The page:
• Steven Spielberg

 

Steven Allan Spielberg KBE (born December 18, 1946)[1] is an American film director, screenwriter, and film producer. In a career of over four decades, Spielberg’s films have touched on many themes and genres. Spielberg’s early sci-fi and adventure films, sometimes centering on children, were seen as an archetype of modern Hollywood blockbuster filmmaking. In later years his films began addressing such issues as The Holocaust, slavery, war and terrorism.

Spielberg won the Academy Award for Best Director for 1993’s Schindler’s List and 1998’s Saving Private Ryan. Three of Spielberg’s films, Jaws (1975), E.T. the Extra-Terrestrial (1982), and Jurassic Park (1993), broke box office records, each becoming the highest-grossing film made at the time. To date, the unadjusted gross of all Spielberg-directed films exceeds $8.5 billion worldwide. Forbes magazine places Spielberg’s personal net worth at $3.0 billion.[2] In 2006, Premiere listed him as the most powerful and influential figure in the motion picture industry. Time listed him as one of the 100 Most Important People of the Century. At the end of the twentieth century, Life named him the most influential person of his generation.[3]

Early career (1968–1975)

His first professional TV job came when he was hired to do one of the segments for the 1969 pilot episode of Night Gallery. The segment, “Eyes,” starred Joan Crawford , and she and Spielberg were reportedly close friends until her death. The episode is unusual in his body of work, in that the camerawork is more highly stylized than his later, more “mature” films. After this, and an episode of Marcus Welby, M.D., Spielberg got his first feature-length assignment: an episode of The Name of the Game called “L.A. 2017.” This futuristic science fiction episode impressed Universal Studios and they signed him to a short contract. He did another segment on Night Gallery and did some work for shows such as Owen Marshall: Counselor at Law and The Psychiatrist before landing the first series episode of Columbo (previous episodes were actually TV films).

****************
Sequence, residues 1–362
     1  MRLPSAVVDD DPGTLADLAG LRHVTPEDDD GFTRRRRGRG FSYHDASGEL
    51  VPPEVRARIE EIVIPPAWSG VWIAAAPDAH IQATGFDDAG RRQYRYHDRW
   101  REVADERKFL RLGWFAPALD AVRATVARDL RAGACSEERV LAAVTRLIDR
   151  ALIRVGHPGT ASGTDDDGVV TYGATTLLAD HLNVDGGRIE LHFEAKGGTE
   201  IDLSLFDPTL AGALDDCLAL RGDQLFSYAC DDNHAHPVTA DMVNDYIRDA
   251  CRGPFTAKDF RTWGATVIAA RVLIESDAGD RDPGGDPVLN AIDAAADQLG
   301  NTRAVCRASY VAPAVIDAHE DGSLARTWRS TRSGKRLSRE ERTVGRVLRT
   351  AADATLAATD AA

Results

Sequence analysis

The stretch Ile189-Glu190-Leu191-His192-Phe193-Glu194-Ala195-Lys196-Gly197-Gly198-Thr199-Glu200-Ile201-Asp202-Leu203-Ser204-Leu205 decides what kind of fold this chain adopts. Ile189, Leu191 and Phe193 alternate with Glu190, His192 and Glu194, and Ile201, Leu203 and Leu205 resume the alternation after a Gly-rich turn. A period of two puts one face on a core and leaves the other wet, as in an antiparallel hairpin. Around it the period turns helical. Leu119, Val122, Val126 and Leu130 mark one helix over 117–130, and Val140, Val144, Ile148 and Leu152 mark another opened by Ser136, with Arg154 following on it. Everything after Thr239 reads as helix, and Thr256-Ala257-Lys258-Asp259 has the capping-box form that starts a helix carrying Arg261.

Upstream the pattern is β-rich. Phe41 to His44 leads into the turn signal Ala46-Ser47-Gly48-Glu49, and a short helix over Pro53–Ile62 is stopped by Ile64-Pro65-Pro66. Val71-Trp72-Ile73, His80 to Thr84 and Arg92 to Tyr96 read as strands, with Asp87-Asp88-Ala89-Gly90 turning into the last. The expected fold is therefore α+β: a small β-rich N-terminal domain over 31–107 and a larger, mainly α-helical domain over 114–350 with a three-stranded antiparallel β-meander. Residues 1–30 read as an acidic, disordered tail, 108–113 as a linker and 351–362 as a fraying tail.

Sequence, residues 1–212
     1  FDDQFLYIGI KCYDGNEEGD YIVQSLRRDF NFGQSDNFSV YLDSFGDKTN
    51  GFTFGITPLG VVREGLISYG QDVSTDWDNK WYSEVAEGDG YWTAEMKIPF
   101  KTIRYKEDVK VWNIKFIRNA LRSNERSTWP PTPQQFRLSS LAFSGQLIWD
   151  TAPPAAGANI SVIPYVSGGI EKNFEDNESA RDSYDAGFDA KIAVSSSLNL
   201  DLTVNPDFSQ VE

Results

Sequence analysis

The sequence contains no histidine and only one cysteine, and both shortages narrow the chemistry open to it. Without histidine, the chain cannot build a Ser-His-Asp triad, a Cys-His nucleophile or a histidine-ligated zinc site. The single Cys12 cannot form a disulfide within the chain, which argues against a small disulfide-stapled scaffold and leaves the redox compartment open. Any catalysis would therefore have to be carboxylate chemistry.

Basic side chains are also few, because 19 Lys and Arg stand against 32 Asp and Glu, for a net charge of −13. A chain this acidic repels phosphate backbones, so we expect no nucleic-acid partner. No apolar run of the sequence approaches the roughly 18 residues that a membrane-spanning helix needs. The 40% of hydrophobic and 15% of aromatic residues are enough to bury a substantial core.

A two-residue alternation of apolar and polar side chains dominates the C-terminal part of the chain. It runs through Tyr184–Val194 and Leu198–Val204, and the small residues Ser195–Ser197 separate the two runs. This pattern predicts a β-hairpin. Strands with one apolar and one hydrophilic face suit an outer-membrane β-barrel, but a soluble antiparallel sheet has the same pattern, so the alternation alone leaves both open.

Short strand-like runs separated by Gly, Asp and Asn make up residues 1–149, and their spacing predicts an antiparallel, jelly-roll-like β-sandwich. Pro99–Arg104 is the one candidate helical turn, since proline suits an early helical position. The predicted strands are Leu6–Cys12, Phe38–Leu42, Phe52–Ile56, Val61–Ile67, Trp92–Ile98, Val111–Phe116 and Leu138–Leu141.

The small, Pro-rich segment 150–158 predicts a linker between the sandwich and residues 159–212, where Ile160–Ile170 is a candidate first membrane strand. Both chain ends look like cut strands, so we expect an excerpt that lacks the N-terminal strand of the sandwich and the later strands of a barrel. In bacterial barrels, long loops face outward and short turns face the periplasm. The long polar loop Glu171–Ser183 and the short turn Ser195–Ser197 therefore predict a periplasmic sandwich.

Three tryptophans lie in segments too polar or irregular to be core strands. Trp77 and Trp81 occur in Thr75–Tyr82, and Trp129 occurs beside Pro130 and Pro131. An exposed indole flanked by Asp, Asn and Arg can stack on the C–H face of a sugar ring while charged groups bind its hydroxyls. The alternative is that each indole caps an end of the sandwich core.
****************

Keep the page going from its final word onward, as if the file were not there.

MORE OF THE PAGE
Based on the strength of his work, Universal signed Spielberg to do four TV films. The first was a Richard Matheson adaptation called Duel about a monstrous tanker truck which tries to run a small car off the road. Special praise of this film by the influential British critic Dilys Powell was highly significant to Spielberg’s career. Another TV film (Something Evil) was made and released to capitalize on the popularity of The Exorcist, then a major best-selling book which had not yet been released as a film. He fulfilled his contract by directing the TV film length pilot of a show called Savage, starring Martin Landau. Spielberg’s debut theatrical feature film was The Sugarland Express, about a married couple who are chased by police as the couple tries to regain custody of their baby. Spielberg’s cinematography for the police chase was praised by reviewers, and The Hollywood Reporter stated that “a major new director is on the horizon.”[10] However, the film fared poorly at the box office and received a limited release.

Studio producers Richard Zanuck and David Brown offered Spielberg the director’s chair for Jaws, a horror film based on the Peter Benchley novel about an enormous killer-shark. Spielberg has often referred to the grueling shoot as his professional crucible. Despite the film’s ultimate, enormous success, it was nearly shut down due to delays and budget over-runs.

But Spielberg persevered and finished the film. It was an enormous hit, winning three Academy Awards (for editing, original score and sound) and grossing $470,653,000 worldwide at the box office. It also set the domestic record for box office gross, leading to what the press described as “Jawsmania.”[11] Jaws made him a household name, as well as one of America’s youngest multi-millionaires, and allowed Spielberg a great deal of autonomy for his future projects.[12] It was nominated for Best Picture and featured Spielberg’s first of three collaborations with actor Richard Dreyfuss.

  • Quentin Tarantino

 

Quentin Jerome Tarantino (born March 27, 1963) is an American film director, screenwriter, producer, cinematographer and actor. In the early 1990s he was an independent filmmaker whose films used nonlinear storylines and aestheticization of violence. His films include Reservoir Dogs (1992), Pulp Fiction (1994), Jackie Brown (1997), Kill Bill (Vol. 1, 2003; Vol. 2, 2004), Death Proof (2007) and Inglourious Basterds (2009). His films have earned him Academy, Golden Globe, BAFTA and Palme d’Or Awards and he has been nominated for Emmy and Grammy Awards. In 2007, Total Film named him the 12th-greatest director of all time.[1]

Early life

Tarantino was born in Knoxville, Tennessee, the son of Connie McHugh Zastoupil, a health care executive and nurse, and Tony Tarantino, an actor and amateur musician born in Queens, New York.[2] Tarantino’s father is Italian American and his mother is of Irish and Cherokee Native American ancestry.[3][4][5] He attended Narbonne High School in Harbor City, California for his freshman year before dropping out of school at age 15. Quentin and his childhood friend, Adam Olis,[citation needed] began to make movies in his backyard using cheap animations. He attended acting school at the James Best Theatre Company in Toluca Lake. At age 22, he held employment at the Video Archives, a now defunct video rental store in Manhattan Beach where he and fellow movie buffs like Roger Avary spent all day discussing and recommending films to customers.[6]